Emergent Brethren » 2012 » June

Archive for June, 2012

Community, Worship

Peace

The other week I was attending the Church of the Brethren Church Planting conference at Bethany Seminary in Richmond, IN. I got the pleasure of hanging out with some friends who I don’t get to see very often. One of these friends lives and ministers in Seattle, WA. Turns out he was doing a workshop the same time that I was doing mine, so unfortunately I wasn’t able to be at his. But he gave me the handout, which was a tour of the churches and ministries happening in Seattle.

One of the ministry he highlighted was Church of the Beloved and he mentioned that they had some free music on their site, so I went and downloaded the music. (You can do that here…http://belovedschurch.org/hope

One song is called Peace and as I listened to it, I realized just how much our world, our families, our denominations, and our churches need this type of peace. Read the lyrics and pray that PEACE may start with you (through your relationship with Jesus and through the power of the Holy Spirit)

Broken conversations, broken people, we’re broken Lord.
Terrified illusions, seeking comfort, we’re seeking more.
We need each other more than we need to agree.
Father, Son, Spirit bless us with your love,
with your grace and peace.

Peace.
Let there be peace.
Let there be peace.
Let there be peace.

Let us see and not destroy. Let us listen. Let us listen.
Let us suspend judgement for the sake of love, for the sake of love.
We need each other more than we need to agree.
Father, Son, Spirit bless us with your love,
with your grace and peace.

Love.
Let there be love. (among us)
Let there be love. (among us)
Let there be love.

Church Planting, Community, Ministry Formation

Guest Blog Post

The other week I was asked to be a guest blogger for my friend Lisa Colon Delay, who I went to Kutztown University with. I thought I would repost what I wrote for her blog on my blog. Would love to hear your thoughts on it.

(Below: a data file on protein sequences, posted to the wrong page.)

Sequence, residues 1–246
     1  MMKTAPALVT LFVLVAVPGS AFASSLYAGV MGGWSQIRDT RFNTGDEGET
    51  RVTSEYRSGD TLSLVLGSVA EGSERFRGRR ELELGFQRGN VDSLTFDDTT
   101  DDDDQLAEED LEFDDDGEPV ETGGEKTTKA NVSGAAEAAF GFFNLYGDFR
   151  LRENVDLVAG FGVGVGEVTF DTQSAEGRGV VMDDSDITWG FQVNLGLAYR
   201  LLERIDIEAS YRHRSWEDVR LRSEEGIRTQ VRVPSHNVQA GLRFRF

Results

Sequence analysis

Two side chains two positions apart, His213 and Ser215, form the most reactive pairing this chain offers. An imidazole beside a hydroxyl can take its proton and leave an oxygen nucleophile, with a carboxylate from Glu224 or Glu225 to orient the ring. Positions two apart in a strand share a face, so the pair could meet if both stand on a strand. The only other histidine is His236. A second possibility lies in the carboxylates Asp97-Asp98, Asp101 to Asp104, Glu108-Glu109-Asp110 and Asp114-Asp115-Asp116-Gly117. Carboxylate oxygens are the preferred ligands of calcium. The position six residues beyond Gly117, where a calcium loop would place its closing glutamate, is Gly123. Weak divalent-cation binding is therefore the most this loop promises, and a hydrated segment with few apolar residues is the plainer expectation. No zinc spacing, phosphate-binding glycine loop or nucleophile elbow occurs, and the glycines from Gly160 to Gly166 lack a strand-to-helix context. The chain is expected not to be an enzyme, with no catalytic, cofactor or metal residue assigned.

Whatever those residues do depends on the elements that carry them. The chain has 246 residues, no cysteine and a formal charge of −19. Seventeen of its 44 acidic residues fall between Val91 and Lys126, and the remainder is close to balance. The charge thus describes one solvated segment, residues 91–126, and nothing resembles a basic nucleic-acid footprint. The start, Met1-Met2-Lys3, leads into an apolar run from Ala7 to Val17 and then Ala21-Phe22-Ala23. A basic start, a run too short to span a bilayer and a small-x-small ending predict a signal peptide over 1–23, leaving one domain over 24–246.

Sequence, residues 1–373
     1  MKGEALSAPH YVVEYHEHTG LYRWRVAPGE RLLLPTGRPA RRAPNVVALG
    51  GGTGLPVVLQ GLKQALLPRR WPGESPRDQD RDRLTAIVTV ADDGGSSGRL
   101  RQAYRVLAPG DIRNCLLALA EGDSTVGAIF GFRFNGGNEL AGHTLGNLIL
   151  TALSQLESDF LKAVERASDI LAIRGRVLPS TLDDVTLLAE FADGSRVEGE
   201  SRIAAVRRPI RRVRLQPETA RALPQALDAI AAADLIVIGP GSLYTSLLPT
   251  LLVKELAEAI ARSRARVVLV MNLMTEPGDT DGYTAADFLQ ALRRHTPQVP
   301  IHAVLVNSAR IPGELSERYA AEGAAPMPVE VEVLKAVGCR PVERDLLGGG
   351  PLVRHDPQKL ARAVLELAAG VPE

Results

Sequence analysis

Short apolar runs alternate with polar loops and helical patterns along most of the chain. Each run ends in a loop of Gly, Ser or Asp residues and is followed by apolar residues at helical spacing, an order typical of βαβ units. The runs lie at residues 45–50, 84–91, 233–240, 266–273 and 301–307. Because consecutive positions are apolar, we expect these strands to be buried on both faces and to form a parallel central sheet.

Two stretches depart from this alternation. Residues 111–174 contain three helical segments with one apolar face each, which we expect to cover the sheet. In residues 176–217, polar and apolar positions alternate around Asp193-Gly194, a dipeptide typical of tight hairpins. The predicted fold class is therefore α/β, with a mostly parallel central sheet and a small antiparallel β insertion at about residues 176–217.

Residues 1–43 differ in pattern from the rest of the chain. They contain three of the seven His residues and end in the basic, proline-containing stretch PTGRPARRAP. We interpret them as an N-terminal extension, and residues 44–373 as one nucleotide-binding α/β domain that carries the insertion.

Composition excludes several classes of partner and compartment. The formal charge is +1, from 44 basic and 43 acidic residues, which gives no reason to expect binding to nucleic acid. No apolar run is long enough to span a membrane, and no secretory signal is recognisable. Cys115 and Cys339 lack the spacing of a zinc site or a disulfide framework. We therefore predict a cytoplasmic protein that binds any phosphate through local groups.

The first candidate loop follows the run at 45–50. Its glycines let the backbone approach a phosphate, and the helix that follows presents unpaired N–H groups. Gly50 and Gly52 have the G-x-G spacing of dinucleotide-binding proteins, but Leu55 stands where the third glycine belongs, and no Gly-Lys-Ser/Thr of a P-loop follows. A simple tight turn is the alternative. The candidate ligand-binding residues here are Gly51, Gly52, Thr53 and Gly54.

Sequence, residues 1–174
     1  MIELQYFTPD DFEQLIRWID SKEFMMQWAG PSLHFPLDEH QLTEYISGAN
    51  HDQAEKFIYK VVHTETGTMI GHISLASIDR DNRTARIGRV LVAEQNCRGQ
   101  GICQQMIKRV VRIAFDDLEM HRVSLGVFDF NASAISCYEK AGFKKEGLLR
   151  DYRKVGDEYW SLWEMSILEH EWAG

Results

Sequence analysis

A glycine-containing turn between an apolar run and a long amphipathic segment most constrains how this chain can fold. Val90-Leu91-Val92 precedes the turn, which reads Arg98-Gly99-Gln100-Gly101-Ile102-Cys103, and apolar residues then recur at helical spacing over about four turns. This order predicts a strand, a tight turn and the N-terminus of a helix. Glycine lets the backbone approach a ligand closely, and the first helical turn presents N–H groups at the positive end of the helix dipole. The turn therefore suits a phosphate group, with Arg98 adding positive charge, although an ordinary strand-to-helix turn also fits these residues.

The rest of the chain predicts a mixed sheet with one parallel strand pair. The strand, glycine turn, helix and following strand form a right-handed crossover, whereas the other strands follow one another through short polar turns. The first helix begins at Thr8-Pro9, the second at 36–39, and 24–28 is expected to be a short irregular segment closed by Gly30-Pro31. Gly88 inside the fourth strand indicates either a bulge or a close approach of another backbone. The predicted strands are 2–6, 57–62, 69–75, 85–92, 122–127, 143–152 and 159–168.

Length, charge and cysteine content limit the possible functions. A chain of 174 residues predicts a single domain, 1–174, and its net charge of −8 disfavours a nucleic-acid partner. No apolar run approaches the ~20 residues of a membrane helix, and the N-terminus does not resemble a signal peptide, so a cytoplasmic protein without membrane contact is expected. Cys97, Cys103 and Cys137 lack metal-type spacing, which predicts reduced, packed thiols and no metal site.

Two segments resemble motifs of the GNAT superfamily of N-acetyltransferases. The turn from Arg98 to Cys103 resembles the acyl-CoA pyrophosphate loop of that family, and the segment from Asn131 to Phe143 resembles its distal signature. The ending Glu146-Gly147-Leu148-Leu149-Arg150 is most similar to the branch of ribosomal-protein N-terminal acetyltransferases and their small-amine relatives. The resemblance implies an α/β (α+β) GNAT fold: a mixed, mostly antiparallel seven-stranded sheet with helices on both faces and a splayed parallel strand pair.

Identity

For the last two and half years I’ve been planting Veritas, a missional community in Lancaster, PA. There are various challenges in this.

There’s the challenge of developing a Core Group for Veritas. There’s the struggle of seeking to do church in a whole new way in an area that has a fairly traditional view of what church is. There’s the challenge of balancing 4 part time jobs between my wife and me, a free lance job, two kids and keeping up with everything that comes with running a household. But the biggest challenge that I have been faced with revolves around the issue of identity.

All too often, whether in planting a new faith community, or just in life, we define ourselves by what we do. And we define our self worth from what we do, and whether we are “successful” or not. Maybe men do this more.

If I’m honest with myself, my self worth all too often is tied into how I perceive things are going. If we have a good Sunday, as far as numbers (even though we seek to define success by other metrics) I feel good about myself. If we have a bad Sunday, as far as numbers go, I feel horrible about myself and want to throw in the towel and give up. The biggest challenge I believe, at least for me, in this planting journey has been to remember this phrase, “It’s not what I do, it is about whose I am.”

Scripture says this about me, “he predestined us for adoption to sonship through Jesus Christ, in accordance with his pleasure and will” (Ephesians 1:5), and “The Spirit you received does not make you slaves, so that you live in fear again; rather, the Spirit you received brought about your adoption to sonship. And by him we cry, “Abba, Father.”(Romans 8:15). Too often I say to myself (or Satan says) the very opposite of these words. I forget that I am a child of the King and that I am loved, not for anything that I can do, have done, or will do. I am loved period.

One thing that stuck from my years at seminary that has helped me confront this problem of identity is this simple statement, “There is nothing you can do to make God love you any less. There is nothing you can do to make God love you any more.” My identity is not in being a church planter, a father, a husband, or anything else that I try to define my worth in. My struggle is to remember that, and place my identity in the fact that I am a child of the Heavenly Father.